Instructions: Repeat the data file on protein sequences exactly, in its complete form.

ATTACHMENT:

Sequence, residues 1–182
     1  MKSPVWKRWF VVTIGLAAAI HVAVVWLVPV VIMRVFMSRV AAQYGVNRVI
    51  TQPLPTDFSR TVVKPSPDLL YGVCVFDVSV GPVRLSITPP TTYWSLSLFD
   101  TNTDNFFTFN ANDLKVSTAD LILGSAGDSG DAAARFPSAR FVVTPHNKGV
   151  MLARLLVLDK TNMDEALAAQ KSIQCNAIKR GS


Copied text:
Sequence, residues 1–182
     1  MKSPVWKRWF VVTIGLAAAI HVAVVWLVPV VIMRVFMSRV AAQYGVNRVI
    51  TQPLPTDFSR TVVKPSPDLL YGVCVFDVSV GPVRLSITPP TTYWSLSLFD
   101  TNTDNFFTFN ANDLKVSTAD LILGSAGDSG DAAARFPSAR FVVTPHNKGV
   151  MLARLLVLDK TNMDEALAAQ KSIQCNAIKR GS